Doesn't it give you a hard-on to imagine your thick strong poker ramming it's way up my most sacred of sphincters? You're beyond help, my friend, as the only thing you can imagine is the foul penetrative violation of another man. Are you sure you're not Eric Raymond? The government, being populated by limp-wristed liberals, could never stem the sickening tide of homosexual [goatse.fr] child molesting Linux advocacy. Hell, they've given NAMBLA free reign for years!

you really should post this logged in. i wish i could remember jebus's password, cuz i'd give it to you. -- mighty jebus [slashdot.org], Slashdot

Thank you for your kind words of support. However, this document shall only ever be posted anonymously. This is because the 'Open Sauce' movement is a sham, proposing homoerotic cults of hero worshipping in the name of freedom. I speak for the common man. For any man who prefers the warm, enveloping velvet folds of a woman's vagina [bodysnatchers.co.uk] to the tight puckered ringpiece of a child. These men, being common, decent folk, don't have a say in the political hypocrisy that is Slashdot culture. I am the unknown liberator [hitler.org].

ROLF LAMO i hate linux FAGGOTS -- Anonymous Coward, Slashdot

We shouldn't hate them, we should pity them for the misguided fools they are... Fanatical Linux zeal-outs need to be herded into camps for re-education and subsequent rehabilitation into normal heterosexual society. This re-education shall be achieved by forcing them to watch repeats of Baywatch until the very mention of Pamela Anderson [rotten.com] causes them to fill their pants with healthy heterosexual jism [zillabunny.com].

Actually, that's not at all how scrotal inflation works. I understand it involves injecting sterile saline solution into the scrotum. I've never tried this, but you can read how to do it safely in case you're interested. (Before you moderate this down, ask yourself honestly -- who are the real crazies -- people who do scrotal inflation, or people who pay $1000+ for a game console?) -- double_h [slashdot.org], Slashdot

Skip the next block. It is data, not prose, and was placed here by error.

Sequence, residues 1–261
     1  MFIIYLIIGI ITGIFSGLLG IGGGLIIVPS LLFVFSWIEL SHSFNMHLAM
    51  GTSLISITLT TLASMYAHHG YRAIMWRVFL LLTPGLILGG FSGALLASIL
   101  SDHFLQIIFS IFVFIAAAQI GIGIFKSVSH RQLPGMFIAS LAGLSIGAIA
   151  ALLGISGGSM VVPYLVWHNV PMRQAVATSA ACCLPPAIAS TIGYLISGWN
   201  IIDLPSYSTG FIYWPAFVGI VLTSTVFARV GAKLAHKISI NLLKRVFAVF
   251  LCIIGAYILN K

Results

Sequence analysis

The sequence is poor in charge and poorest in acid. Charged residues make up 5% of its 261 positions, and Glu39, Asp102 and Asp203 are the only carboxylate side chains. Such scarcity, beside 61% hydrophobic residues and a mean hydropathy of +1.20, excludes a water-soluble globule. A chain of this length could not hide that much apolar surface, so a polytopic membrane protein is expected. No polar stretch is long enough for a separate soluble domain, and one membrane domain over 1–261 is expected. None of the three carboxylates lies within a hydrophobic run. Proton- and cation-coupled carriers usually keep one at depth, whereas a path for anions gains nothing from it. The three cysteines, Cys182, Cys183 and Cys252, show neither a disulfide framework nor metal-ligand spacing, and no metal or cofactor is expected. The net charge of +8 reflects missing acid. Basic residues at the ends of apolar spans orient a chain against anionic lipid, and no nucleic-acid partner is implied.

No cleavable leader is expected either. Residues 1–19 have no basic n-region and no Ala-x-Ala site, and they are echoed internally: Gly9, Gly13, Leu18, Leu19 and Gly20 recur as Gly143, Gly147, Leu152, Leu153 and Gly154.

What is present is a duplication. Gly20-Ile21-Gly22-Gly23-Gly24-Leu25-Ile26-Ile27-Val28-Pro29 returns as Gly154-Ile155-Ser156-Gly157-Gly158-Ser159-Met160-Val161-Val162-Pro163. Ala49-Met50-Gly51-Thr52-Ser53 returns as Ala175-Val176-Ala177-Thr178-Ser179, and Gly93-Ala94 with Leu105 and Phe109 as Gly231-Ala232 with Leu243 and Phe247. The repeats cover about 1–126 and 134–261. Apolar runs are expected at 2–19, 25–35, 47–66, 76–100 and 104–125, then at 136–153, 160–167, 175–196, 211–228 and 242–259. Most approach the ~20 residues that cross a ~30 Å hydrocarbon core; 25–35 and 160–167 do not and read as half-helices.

Well, it just goes to show that even the holy Linux 'sauce code' is riddled with bugs that need fixing. (The irony of Jon Katz not even being able to inflate his scrotum correctly has not been lost on me.) The Linux pervert elite already acknowledge this, with their queer slogan: 'Given enough arms, all rectums are shallow.' And anyway, the PS2 [xbox.com] sucks major cock and isn't worth the money. Intellivision forever!

dude did u used to post on msnbc's nt bulletin board now that u are doing anti-gay posts u also need to start in with anti-black stuff too c u in church -- Anonymous Coward, Slashdot

For one thing, whilst Linux is a cavalcade of queer propaganda masquerading as the future of computing, NT [linux.com] is used by people who think nothing better of encasing their genitals in quick setting plaster then going to see a really dirty porno film, enjoying the restriction enforced onto them. Remember, a wasted arousal is a sin in the eyes of the Catholic church [atheism.org]. Clearly, the only god-fearing Christian operating system in existence is CP/M -- The Christian Program Monitor. All computer users should immediately ask their local pastor to install this fine OS onto their systems. It is the only route to salvation.

Secondly, this message is for every man. Computers know no colour. Not only that, but one of the finest websites in the world is maintained by a Black Man [stileproject.com] . Now fuck off you racist donkey felcher.

And don't forget that slashdot was written in Perl, which is just too close to 'Pearl Necklace' for comfort.... oh wait; that's something all you heterosexuals do.... I can't help but wonder how much faster the trolls could do First-Posts on this site if it were redone in PHP... I could hand-type dynamic HTML pages faster than Perl can do them. -- phee [slashdot.org], Slashdot

Although there is nothing unholy about the fine heterosexual act of ejaculating between a woman's breasts, squirting one's load up towards her neck and chin area, it should be noted that Perl [python.org] (standing for Pansies Entering Rectums Locally) is also close to 'Pearl Monocle,' 'Pearl Nosering,' and the ubiquitous 'Pearl Enema.'

One scary thing about Perl [sun.com] is that it contains hidden homosexual [goatse.fr] messages. Take the following code: LWP::Simple -- It looks innocuous enough, doesn't it? But look at the line closely: There are two colons next to each other! As Larry 'Balls to the' Wall would openly admit in the Perl Documentation, Perl was designed from the ground up to indoctrinate it's programmers into performing unnatural sexual acts -- having two colons so closely together is clearly a reference to the perverse sickening act of 'colon kissing,' whereby two homosexual [goatse.fr] queers spread their buttocks wide, pressing their filthy torn sphincters together. They then share small round objects like marbles or golfballs by passing them from one rectum to another using muscle contraction alone. This is also referred to in programming 'circles' as 'Parameter Passing.'

And PHP [perl.org] stands for Perverted Homosexual Penetration. Didn't you know?

Thank you for your valuable input on this. I am sure you will be never forgotten. BTW: Did I mention that this could be useful in terraforming Mars? Mars rulaa. -- Eimernase [slashdot.org], Slashdot

Well, I don't know about terraforming Mars, but I do know that homosexual [goatse.fr] Linux Advocates have been probing Uranus for years.